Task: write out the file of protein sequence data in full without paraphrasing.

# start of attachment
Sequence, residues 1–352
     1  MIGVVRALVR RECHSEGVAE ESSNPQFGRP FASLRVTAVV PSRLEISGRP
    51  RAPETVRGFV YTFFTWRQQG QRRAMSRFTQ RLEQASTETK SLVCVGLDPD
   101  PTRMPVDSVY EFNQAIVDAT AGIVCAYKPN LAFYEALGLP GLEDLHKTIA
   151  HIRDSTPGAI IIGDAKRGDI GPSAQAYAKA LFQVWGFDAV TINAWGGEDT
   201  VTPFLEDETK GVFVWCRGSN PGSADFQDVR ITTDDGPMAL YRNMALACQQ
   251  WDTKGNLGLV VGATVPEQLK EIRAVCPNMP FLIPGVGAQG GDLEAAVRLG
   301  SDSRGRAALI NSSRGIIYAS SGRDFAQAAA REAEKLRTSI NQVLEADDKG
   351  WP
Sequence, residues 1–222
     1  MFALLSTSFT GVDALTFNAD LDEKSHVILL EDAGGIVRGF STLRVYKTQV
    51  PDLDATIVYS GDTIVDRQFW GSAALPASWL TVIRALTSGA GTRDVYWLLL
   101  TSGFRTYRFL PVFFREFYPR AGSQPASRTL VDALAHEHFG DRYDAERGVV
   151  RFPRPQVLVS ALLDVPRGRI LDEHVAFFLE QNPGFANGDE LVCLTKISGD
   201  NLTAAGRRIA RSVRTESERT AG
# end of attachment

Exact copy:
Sequence, residues 1–352
     1  MIGVVRALVR RECHSEGVAE ESSNPQFGRP FASLRVTAVV PSRLEISGRP
    51  RAPETVRGFV YTFFTWRQQG QRRAMSRFTQ RLEQASTETK SLVCVGLDPD
   101  PTRMPVDSVY EFNQAIVDAT AGIVCAYKPN LAFYEALGLP GLEDLHKTIA
   151  HIRDSTPGAI IIGDAKRGDI GPSAQAYAKA LFQVWGFDAV TINAWGGEDT
   201  VTPFLEDETK GVFVWCRGSN PGSADFQDVR ITTDDGPMAL YRNMALACQQ
   251  WDTKGNLGLV VGATVPEQLK EIRAVCPNMP FLIPGVGAQG GDLEAAVRLG
   301  SDSRGRAALI NSSRGIIYAS SGRDFAQAAA REAEKLRTSI NQVLEADDKG
   351  WP
Sequence, residues 1–222
     1  MFALLSTSFT GVDALTFNAD LDEKSHVILL EDAGGIVRGF STLRVYKTQV
    51  PDLDATIVYS GDTIVDRQFW GSAALPASWL TVIRALTSGA GTRDVYWLLL
   101  TSGFRTYRFL PVFFREFYPR AGSQPASRTL VDALAHEHFG DRYDAERGVV
   151  RFPRPQVLVS ALLDVPRGRI LDEHVAFFLE QNPGFANGDE LVCLTKISGD
   201  NLTAAGRRIA RSVRTESERT AG